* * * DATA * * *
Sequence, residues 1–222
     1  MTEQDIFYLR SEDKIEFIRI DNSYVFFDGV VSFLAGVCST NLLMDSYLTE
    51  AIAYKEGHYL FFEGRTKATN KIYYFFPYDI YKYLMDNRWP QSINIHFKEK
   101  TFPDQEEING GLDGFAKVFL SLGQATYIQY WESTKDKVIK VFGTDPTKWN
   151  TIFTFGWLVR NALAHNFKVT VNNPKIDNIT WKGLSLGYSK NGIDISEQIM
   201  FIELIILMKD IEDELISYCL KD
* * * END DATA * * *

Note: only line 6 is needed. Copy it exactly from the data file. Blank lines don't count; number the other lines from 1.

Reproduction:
   201  FIELIILMKD IEDELISYCL KD